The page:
Displaying and publishing election results
Each state has different ways to communicate and present the results internally to the appropriate offices and the public. IT networks are used for reporting and publishing, and results are published on websites that are accessed by the public. Typically, a “direct and persistent” network connection will exist between the published site and the internet, according to the CIS handbook. The formats in which the results are published include:
- Extensible markup language (XML),
- Hypertext markup language (HTML),
- Portable document format (PDF),
- Comma-separated values (CSV).
Once the results are available to the media, journalists use a variety of ways to report the results to their news centers, which then release the results to the public. For instance, The Associated Press explains how their reporters avoid reliance on digital technologies when reporting on the national election. Instead, the AP has stringers in the 50 states collect the votes at a local level from a county clerk. The stringer then phones in the results, where they are manually keyed in, and subsequently checked and rechecked.
Voting systems and associated infrastructure
Voter registration systems also support paper and electronic poll books. In addition to maintaining each voter’s record, the databases are used to assign voters to the correct polling location, the CIS explains. The systems generate information that is sent back to the voter for verifying registration, finding their polling place, and searching for sample ballots. For these purposes, there is a master voter database at the state level.
Mechanisms for voter access
Many states provide voters with access to their registration system through the state DMV. In some cases, the voter registration system may also run through a county or state registration portal directly, or indirectly by registering on paper and mailing in the form.
Vote capture devices
Vote capture devices are the devices or physical mechanisms used to cast and record actual votes. Approaches and methods vary within and across jurisdictions. Voters may have the choice of paper ballots or electronic machines at a polling place on election day at some voting locations. In addition, a polling site may provide one method for voting for the general population and another for those voters who need accommodations for language or for disabilities.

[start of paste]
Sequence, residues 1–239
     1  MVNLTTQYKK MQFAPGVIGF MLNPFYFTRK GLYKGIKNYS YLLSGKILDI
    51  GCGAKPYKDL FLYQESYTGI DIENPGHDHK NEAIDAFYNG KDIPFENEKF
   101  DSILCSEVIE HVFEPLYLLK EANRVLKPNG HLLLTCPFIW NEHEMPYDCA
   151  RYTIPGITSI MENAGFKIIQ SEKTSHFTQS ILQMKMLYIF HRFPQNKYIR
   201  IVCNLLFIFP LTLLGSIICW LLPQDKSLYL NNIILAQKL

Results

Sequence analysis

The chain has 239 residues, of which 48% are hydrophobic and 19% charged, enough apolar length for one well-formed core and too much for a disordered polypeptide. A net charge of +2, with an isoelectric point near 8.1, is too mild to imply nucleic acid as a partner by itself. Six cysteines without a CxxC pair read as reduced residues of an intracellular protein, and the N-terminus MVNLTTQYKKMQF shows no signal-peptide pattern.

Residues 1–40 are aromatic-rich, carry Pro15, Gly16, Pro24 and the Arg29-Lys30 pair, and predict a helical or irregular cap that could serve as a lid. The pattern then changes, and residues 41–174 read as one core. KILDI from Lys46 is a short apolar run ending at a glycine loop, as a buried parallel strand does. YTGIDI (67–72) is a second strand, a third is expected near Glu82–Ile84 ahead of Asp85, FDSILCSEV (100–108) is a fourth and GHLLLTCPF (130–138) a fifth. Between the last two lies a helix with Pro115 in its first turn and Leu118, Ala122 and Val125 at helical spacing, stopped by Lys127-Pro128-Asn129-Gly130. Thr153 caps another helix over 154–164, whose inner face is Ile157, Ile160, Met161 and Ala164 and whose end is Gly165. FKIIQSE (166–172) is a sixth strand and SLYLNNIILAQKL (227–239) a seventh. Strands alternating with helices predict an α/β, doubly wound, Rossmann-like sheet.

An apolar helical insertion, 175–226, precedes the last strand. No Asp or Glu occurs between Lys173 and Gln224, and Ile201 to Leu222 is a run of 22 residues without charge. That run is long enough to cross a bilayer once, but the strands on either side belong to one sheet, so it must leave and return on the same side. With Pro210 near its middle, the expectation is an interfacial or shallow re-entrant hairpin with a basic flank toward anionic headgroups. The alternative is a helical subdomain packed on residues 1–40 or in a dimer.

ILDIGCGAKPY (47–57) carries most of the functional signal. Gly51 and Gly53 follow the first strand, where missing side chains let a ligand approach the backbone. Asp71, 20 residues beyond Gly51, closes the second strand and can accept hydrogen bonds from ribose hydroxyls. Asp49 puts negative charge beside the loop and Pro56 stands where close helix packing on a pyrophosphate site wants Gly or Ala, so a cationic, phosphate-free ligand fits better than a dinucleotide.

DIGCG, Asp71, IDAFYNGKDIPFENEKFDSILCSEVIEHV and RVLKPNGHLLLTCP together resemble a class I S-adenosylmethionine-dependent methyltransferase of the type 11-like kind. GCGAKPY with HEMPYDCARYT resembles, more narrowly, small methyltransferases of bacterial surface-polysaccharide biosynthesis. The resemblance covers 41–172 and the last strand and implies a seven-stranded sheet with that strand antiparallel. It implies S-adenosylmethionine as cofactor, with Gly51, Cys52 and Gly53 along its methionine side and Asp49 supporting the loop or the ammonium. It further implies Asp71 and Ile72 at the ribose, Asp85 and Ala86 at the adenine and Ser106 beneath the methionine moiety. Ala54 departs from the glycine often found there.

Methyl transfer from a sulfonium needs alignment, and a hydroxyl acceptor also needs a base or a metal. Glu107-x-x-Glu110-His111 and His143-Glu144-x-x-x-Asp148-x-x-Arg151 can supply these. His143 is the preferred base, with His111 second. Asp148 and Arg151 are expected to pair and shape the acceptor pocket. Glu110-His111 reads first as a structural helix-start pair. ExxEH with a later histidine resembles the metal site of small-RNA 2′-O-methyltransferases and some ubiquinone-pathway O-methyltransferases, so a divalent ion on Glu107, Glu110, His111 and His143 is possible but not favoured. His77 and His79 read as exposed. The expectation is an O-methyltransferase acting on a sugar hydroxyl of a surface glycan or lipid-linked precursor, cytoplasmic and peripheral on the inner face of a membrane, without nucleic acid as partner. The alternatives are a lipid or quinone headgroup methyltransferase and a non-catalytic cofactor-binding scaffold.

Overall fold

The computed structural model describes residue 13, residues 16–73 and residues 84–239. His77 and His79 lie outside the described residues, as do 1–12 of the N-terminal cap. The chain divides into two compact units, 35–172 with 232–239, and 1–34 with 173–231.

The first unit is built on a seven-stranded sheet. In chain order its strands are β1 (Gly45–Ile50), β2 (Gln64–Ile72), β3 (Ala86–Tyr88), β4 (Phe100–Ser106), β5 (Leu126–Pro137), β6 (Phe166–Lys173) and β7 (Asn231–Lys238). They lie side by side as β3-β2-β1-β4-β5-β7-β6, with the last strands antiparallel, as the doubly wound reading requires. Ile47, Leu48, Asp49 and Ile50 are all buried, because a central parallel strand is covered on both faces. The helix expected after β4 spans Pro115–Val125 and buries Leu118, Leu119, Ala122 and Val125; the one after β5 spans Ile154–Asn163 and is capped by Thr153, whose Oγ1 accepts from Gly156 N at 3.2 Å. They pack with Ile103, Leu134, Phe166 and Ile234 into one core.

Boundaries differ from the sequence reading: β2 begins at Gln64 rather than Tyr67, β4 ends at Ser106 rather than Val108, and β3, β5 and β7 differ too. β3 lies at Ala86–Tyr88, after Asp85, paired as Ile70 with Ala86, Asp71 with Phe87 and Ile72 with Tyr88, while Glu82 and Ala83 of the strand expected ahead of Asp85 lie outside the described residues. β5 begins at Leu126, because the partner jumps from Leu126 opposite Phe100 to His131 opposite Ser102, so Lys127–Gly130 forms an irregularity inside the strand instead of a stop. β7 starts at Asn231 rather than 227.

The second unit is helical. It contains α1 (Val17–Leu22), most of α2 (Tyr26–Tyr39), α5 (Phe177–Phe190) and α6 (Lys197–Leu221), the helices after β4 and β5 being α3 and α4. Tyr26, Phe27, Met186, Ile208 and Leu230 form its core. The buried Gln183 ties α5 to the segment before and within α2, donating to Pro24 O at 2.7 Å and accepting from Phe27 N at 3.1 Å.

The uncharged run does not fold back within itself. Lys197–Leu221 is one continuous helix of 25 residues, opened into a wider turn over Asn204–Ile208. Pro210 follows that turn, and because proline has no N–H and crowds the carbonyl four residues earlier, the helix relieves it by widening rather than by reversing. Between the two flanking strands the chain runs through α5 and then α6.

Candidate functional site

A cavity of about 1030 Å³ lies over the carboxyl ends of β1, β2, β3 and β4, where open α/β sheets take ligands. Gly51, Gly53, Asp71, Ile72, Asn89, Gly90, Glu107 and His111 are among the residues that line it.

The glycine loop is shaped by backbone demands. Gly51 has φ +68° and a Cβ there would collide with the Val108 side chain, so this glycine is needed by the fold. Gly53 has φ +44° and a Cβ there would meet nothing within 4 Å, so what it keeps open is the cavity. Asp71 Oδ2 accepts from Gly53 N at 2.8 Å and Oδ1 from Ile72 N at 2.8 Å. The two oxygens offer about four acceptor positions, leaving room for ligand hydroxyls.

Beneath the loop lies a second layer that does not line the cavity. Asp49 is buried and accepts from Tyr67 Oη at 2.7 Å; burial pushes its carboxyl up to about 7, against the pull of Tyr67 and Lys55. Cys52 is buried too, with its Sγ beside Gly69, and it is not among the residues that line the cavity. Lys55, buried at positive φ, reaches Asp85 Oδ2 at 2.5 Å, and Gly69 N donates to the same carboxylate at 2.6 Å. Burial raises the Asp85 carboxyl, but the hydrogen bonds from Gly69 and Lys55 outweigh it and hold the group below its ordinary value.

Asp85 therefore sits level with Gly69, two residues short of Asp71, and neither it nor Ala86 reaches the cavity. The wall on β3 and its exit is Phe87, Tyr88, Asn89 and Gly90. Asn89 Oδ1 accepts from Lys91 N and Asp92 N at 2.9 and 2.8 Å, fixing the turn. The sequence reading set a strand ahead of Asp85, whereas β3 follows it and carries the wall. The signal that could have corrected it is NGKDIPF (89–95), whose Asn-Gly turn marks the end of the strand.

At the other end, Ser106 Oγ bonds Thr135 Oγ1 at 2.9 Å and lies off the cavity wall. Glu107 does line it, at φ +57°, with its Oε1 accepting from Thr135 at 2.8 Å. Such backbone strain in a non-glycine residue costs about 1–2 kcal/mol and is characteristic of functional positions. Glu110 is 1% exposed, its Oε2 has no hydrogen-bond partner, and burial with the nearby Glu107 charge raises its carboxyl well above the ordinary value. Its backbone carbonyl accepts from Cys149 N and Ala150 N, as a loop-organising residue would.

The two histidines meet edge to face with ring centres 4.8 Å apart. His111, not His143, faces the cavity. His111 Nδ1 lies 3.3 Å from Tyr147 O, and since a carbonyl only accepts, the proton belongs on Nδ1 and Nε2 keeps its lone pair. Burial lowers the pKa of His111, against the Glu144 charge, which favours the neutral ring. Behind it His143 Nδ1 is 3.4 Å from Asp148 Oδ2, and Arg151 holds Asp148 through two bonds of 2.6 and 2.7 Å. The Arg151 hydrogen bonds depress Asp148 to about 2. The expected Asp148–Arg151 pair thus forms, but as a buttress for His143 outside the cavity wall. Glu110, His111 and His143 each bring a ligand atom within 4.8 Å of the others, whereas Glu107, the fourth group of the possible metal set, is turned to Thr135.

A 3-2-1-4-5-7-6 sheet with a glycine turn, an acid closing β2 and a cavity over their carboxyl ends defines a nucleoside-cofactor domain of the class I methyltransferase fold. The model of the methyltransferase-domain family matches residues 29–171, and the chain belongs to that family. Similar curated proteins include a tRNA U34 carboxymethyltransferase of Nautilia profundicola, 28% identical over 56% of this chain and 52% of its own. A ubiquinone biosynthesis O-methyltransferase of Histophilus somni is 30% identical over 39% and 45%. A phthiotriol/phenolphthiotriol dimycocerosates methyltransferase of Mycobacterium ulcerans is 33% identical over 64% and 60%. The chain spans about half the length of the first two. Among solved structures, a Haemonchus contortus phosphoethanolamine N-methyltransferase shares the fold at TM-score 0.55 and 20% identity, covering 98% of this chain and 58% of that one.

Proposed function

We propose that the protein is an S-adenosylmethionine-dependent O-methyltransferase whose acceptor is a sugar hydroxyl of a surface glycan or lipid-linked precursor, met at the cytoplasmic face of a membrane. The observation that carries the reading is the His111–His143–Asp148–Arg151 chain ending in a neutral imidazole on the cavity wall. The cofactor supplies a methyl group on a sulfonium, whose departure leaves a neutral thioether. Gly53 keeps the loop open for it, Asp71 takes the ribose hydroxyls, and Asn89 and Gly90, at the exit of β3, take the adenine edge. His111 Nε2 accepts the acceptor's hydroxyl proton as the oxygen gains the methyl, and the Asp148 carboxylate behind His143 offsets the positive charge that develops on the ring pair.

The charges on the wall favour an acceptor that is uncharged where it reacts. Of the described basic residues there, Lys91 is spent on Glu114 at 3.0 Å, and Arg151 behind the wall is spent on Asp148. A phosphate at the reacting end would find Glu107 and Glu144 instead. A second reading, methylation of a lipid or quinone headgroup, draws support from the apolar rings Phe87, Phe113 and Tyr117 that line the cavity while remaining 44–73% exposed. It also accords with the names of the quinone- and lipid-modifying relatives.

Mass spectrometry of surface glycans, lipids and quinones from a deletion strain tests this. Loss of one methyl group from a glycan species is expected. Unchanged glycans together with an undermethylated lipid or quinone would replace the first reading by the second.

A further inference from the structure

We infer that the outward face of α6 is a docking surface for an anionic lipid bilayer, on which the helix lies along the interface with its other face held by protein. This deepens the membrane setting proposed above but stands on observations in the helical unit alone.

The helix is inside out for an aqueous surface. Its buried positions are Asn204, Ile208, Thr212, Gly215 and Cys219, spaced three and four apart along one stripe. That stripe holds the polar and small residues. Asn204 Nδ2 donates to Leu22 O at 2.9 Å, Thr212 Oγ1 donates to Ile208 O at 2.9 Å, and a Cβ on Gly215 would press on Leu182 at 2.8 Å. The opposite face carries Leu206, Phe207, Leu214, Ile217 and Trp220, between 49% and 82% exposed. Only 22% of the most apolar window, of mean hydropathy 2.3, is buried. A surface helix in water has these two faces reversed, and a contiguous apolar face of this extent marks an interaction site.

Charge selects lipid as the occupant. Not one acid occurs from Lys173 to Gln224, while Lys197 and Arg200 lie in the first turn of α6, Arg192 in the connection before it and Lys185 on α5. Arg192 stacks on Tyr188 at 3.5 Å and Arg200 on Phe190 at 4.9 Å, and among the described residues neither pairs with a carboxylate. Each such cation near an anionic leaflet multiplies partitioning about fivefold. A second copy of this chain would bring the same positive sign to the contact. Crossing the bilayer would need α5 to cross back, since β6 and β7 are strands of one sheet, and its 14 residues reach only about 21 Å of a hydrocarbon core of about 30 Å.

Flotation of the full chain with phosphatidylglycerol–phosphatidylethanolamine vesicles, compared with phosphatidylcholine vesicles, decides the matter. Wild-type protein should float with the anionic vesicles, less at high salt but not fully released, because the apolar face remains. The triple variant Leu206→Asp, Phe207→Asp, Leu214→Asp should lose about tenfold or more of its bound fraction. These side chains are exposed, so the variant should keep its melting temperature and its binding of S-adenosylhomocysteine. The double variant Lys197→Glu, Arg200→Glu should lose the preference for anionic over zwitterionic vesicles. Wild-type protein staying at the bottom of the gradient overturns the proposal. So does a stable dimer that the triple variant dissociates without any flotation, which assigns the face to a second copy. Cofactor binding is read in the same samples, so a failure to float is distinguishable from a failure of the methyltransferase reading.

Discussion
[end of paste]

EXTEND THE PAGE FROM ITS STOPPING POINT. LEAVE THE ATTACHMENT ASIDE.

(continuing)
Storage facilities for election and voting system infrastructure
Storage facilities and voting system infrastructure include buildings, devices, and any online or offline means of storing election-related information. In some states, offline legacy storage systems were still being used within the last five years to transport poll results from local precincts to jurisdiction headquarters, such as thumb devices, CDs, and DVDs. Also, once polling data is no longer in use, it may be stored in offline facilities where it remains indefinitely.
Polling places — including any early polling locations — are considered an essential part of election infrastructure. They require a high level of protection to ensure that an anonymous voting process is unhindered and is successfully carried out.
Jurisdictions and precincts
Traditionally, each voting jurisdiction is divided into precincts the lowest level of a voting jurisdiction. Residents within each jurisdiction report to a specific precinct that has been established in a school or other community location where they cast their votes.
Alternative voting sites
The use of alternatives to traditional precincts are now becoming common throughout the US. At an alternative voting site, voters residing anywhere within the jurisdiction may show up to vote. In fact, some states are using alternative voting sites as an option while others are making them a requirement.
Relevant Government Organizations
Besides the Patriot Act of 2001 (which was later extended to include election infrastructure), two other governing authorities exist that regulate election infrastructure. The first two are NIPP, the National Infrastructure Protection Plan, and the Presidential Policy Directive 21, which was created in 2013. In addition, there are multiple government organizations that support and protect election infrastructure. Here are some of the most significant groups:
The Department of Homeland Security (DHS)